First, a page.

For many people, the biggest hurdle to using The GIMP is the user interface. When The GIMP began it started out with a very different UI than any other application.
That UI was sustained, pretty much as-is, until The GIMP 2.6. With the adoption of 2.6 the user interface took a turn towards being more user-friendly. But with the new interface came enough change to confuse some of the old school users like myself. But like any user interface, once you get to know your way around the UI, it's second nature.
So let's break The GIMP's UI into its constituent pieces and make using this excellent application a snap to use.
When you open up The GIMP it defaults to three main windows: The Main Window, The Toolbox, and the Utility Window. These are the meat and potatoes of The GIMP. To get a better understanding of the whole we have to break it down into its pieces. We'll start with the Main Window.
From the Main Window all actions can take place. But the main action with the Main Window is opening and saving images. If you were a user prior to 2.6 this is where you will notice the biggest changes. One of the issues new users had was that once an image was opened they didn't realize there was a right click mouse menu they could use when they were working within images.
As you can see, in the image above, the Main Window now has a built in menu. Prior to 2.6 the Main Window didn't include this menu. To get to this menu you had to click on the right mouse button. Now 2.6 has both. This menu contains pretty much everything you need to work with your image. But you don't have to count on just these menus for your work.
The Main Menu has one other very nice feature. You can drag an image into this window to open the image. To do this open up Nautilus (or Dolphin, or Konqueror), select an image, and drag the selected image to the Main Window. When an image opens the Main Window seems to disappear. What really happens is the images opens up within the Main Window. When you close the image the Main Window returns to its former self.
The next window is the toolbox (as shown in the image to the right). This window allows you to quickly access all of the tools available.
When you click on a tool the lower half of the window will change according to the tool. This window is handy to keep open because it gives you fast access to every tool available. Another nice option with the Toolbox is, when you customize a particular tool you can save your customizations. The bottom left corner is the save button for saving tool customizations. You can also customize this window. The small left-pointing arrow near the middle is actually a menu. Click that and you will find other options you can play with. You can add tabs with this menu, lock the tabs to the dock, and save your options.
The final window is the Utilities Window. This window is one of the more often overlooked tools of The GIMP. It shouldn't be. This is where you deal with layers, channels, paths, etc. And you can add/remove as many tabs from this window as you like.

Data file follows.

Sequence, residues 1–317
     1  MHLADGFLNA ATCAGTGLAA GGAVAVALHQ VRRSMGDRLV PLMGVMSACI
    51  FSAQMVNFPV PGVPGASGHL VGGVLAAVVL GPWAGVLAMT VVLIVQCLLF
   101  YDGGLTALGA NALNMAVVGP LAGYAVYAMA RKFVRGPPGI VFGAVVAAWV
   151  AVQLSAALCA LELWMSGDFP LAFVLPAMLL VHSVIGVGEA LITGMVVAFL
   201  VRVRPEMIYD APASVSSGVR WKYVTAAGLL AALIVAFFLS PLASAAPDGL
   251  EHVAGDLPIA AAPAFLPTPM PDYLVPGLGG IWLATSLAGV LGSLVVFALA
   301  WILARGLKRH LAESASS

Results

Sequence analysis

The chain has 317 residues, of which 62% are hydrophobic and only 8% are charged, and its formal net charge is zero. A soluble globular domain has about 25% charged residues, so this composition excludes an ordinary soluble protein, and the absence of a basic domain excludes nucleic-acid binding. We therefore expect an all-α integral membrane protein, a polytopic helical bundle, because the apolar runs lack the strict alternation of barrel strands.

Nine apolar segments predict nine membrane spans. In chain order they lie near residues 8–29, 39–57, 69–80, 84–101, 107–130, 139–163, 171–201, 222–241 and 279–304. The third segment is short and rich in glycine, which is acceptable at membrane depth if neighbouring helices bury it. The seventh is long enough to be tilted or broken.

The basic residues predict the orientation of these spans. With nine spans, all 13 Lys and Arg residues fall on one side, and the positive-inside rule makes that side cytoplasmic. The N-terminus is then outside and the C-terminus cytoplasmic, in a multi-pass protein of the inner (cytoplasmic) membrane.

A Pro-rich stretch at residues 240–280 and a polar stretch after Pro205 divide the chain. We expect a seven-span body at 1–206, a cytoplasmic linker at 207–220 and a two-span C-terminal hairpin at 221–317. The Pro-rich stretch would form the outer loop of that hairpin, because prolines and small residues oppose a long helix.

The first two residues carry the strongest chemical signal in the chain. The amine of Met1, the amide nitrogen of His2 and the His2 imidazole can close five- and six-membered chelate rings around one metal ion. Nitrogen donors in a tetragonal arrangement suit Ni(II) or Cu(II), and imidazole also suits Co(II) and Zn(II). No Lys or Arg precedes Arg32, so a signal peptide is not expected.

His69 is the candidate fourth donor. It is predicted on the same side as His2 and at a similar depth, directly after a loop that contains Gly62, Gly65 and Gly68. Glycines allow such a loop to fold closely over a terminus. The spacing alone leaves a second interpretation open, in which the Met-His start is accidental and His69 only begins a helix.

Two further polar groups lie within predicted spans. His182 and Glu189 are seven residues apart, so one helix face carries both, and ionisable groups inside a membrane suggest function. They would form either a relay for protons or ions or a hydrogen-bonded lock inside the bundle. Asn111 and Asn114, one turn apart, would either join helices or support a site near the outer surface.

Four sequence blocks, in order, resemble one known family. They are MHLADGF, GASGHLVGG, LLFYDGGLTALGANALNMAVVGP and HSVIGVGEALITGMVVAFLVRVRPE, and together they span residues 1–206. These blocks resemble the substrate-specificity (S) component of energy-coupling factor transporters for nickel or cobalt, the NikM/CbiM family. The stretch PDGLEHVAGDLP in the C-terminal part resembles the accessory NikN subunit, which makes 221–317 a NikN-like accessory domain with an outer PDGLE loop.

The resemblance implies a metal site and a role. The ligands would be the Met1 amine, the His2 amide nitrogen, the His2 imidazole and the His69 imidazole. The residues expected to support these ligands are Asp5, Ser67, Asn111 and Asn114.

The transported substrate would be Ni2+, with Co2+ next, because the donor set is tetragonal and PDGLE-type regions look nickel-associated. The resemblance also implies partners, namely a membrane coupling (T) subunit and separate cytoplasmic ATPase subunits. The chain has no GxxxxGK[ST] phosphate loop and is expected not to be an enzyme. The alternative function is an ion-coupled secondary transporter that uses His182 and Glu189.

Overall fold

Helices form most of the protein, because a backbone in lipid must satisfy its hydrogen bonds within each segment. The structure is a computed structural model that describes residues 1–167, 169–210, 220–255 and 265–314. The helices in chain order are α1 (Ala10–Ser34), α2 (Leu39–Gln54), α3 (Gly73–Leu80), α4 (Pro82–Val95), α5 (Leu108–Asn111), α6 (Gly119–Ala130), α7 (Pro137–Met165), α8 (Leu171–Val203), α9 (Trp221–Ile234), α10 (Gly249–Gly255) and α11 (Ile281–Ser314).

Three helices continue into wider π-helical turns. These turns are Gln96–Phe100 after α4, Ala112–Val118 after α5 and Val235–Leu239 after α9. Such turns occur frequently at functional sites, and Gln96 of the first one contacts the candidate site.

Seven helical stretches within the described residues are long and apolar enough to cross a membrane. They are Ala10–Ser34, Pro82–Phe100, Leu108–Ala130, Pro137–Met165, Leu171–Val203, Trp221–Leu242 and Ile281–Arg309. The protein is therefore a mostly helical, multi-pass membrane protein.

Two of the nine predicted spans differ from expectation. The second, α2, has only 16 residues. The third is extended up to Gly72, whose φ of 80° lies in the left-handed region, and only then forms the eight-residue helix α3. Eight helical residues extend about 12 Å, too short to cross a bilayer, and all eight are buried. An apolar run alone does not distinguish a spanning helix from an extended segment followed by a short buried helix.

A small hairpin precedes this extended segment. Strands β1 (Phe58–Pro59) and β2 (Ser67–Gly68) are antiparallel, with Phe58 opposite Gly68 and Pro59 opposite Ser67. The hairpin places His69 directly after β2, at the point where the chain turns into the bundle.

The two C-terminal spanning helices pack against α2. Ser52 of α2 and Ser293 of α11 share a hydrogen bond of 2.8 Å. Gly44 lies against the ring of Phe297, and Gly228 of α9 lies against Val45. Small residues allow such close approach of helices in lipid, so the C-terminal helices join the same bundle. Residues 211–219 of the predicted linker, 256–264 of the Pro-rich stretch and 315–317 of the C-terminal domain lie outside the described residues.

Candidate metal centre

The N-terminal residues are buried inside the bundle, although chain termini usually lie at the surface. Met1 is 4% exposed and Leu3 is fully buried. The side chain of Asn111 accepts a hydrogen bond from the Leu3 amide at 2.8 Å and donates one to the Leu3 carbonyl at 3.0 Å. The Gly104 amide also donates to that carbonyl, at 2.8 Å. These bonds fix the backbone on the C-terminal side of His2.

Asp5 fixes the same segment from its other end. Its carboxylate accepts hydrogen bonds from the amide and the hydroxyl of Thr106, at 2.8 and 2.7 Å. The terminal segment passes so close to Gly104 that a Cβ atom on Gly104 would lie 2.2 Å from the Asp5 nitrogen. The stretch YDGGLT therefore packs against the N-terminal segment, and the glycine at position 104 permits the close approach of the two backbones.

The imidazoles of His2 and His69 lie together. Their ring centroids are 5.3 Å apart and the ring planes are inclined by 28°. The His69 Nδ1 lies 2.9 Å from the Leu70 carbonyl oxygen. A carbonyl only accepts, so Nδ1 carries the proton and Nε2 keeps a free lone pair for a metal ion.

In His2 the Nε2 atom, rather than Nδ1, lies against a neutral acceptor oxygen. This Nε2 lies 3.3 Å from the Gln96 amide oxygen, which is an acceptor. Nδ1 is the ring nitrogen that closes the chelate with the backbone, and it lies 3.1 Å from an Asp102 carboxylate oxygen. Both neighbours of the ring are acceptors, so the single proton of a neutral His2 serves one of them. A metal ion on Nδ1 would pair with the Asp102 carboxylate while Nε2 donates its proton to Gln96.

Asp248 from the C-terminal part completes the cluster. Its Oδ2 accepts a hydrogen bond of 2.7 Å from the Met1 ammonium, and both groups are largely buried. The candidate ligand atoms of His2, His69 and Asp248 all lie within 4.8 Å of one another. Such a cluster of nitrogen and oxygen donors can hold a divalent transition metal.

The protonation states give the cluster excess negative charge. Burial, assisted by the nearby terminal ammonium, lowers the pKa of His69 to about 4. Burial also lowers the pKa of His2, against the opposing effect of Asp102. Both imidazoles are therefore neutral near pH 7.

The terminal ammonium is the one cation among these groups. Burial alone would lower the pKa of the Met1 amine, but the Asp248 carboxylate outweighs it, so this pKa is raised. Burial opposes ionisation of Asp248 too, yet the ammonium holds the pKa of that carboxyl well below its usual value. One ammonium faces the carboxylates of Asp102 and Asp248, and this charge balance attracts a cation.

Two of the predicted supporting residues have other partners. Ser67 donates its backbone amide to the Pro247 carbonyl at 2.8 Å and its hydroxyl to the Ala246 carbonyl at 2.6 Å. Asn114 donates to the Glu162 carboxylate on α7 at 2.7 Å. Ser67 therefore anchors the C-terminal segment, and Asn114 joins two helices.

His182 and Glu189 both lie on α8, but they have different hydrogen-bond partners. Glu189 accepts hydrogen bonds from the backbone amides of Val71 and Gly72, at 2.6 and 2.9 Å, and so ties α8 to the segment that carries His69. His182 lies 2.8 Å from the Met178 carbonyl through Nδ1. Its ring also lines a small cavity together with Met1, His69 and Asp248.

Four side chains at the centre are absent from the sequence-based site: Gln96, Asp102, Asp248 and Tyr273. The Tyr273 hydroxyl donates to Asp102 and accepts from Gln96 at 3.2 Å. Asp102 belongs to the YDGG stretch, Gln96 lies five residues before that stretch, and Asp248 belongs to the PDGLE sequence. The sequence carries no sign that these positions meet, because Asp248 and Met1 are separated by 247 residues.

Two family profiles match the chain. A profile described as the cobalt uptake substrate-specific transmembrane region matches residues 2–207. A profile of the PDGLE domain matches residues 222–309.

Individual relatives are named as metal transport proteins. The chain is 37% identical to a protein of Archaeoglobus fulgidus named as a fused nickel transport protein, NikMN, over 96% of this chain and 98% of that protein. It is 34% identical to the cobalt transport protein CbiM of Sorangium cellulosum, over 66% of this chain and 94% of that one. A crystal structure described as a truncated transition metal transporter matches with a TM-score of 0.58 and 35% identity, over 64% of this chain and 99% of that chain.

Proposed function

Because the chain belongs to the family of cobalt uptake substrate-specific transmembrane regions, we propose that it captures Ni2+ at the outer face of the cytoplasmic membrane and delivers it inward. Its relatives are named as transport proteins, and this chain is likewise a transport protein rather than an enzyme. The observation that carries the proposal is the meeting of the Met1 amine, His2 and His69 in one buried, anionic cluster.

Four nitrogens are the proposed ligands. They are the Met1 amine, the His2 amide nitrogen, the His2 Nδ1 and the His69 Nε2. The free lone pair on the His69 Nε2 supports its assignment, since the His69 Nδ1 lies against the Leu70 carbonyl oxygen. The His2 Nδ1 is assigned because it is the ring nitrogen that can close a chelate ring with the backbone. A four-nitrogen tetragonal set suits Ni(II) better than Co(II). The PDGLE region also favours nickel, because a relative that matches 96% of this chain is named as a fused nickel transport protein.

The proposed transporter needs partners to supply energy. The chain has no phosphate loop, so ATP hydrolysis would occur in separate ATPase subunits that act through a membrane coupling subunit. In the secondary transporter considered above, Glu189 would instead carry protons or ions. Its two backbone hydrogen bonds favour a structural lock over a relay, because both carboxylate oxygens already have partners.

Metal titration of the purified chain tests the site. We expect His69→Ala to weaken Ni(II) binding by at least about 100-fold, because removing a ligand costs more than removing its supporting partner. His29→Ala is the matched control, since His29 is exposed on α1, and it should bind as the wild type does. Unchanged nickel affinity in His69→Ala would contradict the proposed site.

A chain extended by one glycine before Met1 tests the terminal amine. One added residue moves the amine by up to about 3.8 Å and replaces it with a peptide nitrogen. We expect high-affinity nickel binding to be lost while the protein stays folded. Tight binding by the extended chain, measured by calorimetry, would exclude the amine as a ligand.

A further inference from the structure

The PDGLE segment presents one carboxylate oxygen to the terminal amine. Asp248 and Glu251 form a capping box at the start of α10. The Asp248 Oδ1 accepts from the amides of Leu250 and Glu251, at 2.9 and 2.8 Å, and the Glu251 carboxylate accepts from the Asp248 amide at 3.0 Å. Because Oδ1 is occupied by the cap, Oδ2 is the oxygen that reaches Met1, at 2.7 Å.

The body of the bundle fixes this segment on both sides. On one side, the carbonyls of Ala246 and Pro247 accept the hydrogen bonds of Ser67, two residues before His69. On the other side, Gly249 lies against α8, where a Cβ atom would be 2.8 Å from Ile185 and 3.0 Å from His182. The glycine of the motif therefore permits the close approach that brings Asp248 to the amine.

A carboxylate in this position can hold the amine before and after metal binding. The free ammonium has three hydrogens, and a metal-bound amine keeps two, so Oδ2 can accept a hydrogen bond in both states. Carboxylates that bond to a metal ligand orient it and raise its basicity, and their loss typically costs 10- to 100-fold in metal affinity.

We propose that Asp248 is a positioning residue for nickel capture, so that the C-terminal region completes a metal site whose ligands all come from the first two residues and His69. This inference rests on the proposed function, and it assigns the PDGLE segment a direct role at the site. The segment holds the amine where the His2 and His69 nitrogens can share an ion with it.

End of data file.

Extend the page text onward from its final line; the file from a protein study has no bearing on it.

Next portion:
One of the most powerful aspects of The Gimp is the ability to do layering, channels, and paths. The Utilities Window (shown at the left) allows you to add or remove tabs that relate to just about any task you need. By default the Utilities Window has four tabs open: Layers, Channels, Paths, and Undo History. You can add tabs by clicking the left-pointing arrow and then navigating through the Add Tab submenu. Each utility tab is different from the next depending upon the utility. The Layers tab, for instance, has six buttons near the bottom of the tab (which is actually near the center of the window): New Layer, Raise the selected layer, Lower the selected layer, Duplicate the selected layer, Anchor the selected layer, and Delete the selected layer.
You will also notice, at the top of the Utilities Window, a drop-down box. This allows you to select an image to work on when you have more than one image open.
And that's it - the basics of The GIMP user interface. Once you get used to this interface you will find it very simple to navigate and much more user-friendly than you thought.
Advertising revenue is falling fast across the Internet, and independently-run sites like Ghacks are hit hardest by it. The advertising model in its current form is coming to an end, and we have to find other ways to continue operating this site.
We are committed to keeping our content free and independent, which means no paywalls, no sponsored posts, no annoying ad formats or subscription fees.
If you like our content, and would like to help, please consider making a contribution:
Ghacks is a technology news blog that was founded in 2005 by Martin Brinkmann. It has since then become one of the most popular tech news sites on the Internet with five authors and regular contributions from freelance writers.